“I didn’t realize that that had an effect until a few years later,” Kulkarni said.
She’d broken a tooth, and went to another dentist. The dentist had to make an impression of her teeth, and placed a mold tray deep in her mouth.
“I just grabbed it and threw it out of my mouth and it hit the wall,” Kulkarni said. “Now, I just go in and I have the gas.”
Della Combs, South Ogden
Della Combs’ odd fear started out as a bad dream when she was 3 years old.
“I remember walking in to my aunt’s home and she was sitting in a chair with arms,” Combs recalls. “She was strumming her fingers, and I looked down and they were feathers. I guess I woke up screaming, because my mom remembers the dream. She remembers coming to my aid. I remember it explicitly.”
Ever since then, feathers — as well as anything with odd hands — make her squirm. For example, although she says she enjoyed the movie, “Edward Scissorhands” was just a little too much for her, and she spent much of the movie covering her eyes.
So the simple answer to conquering this fear would be: Avoid feathers. Not so easy, Combs says, as it’s not uncommon for a friend or family member to chase her around with a feather.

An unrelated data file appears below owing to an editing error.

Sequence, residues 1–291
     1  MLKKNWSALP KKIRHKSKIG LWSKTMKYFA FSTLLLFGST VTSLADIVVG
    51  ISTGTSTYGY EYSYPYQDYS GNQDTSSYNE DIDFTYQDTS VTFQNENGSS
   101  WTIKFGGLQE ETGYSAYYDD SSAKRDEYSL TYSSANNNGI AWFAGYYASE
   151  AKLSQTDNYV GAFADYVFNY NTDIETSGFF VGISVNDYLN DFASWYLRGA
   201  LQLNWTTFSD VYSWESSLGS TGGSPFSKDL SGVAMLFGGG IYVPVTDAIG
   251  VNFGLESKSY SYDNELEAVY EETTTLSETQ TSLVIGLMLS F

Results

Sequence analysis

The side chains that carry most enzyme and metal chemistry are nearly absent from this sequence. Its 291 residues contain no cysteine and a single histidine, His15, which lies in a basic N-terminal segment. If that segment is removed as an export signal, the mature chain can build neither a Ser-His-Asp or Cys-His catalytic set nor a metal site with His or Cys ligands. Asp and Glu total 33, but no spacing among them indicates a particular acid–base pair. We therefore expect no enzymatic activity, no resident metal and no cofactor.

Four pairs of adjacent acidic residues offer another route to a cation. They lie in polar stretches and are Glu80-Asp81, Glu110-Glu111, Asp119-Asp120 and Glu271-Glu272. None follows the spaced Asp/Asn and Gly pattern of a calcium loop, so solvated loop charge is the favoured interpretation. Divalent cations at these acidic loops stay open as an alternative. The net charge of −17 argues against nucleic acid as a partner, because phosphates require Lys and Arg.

“My whole life people have teased me about it,” she said.
Jerome Wilden, Sunset
Jerome Wilden came face to hissing face with a water snake at a young age.
“We used to catch the chubs that came down in the irrigation ditches. We would see the white bellies and catch them,” said Wilden, who grew up in Beaver.
“So I saw this big white belly and I grabbed it and pulled it out (of the water) and it was a water snake. It came right to my eyes and I was just petrified. Then I threw it to China or wherever. ”
That’s how a lifetime fear of snakes began. The fear has cropped up numerous times in Wilden’s 80 years — sometimes with embarrassing after effects.
He was on a mission for The Church of Jesus Christ of Latter-day Saints in North Carolina when they received a warning from their mission president: “Be aware of water moccasins and other snakes that are dangerous and poisonous.”
Wilden and his companion were walking down the road one day when Wilden saw something long, lying there on the pavement.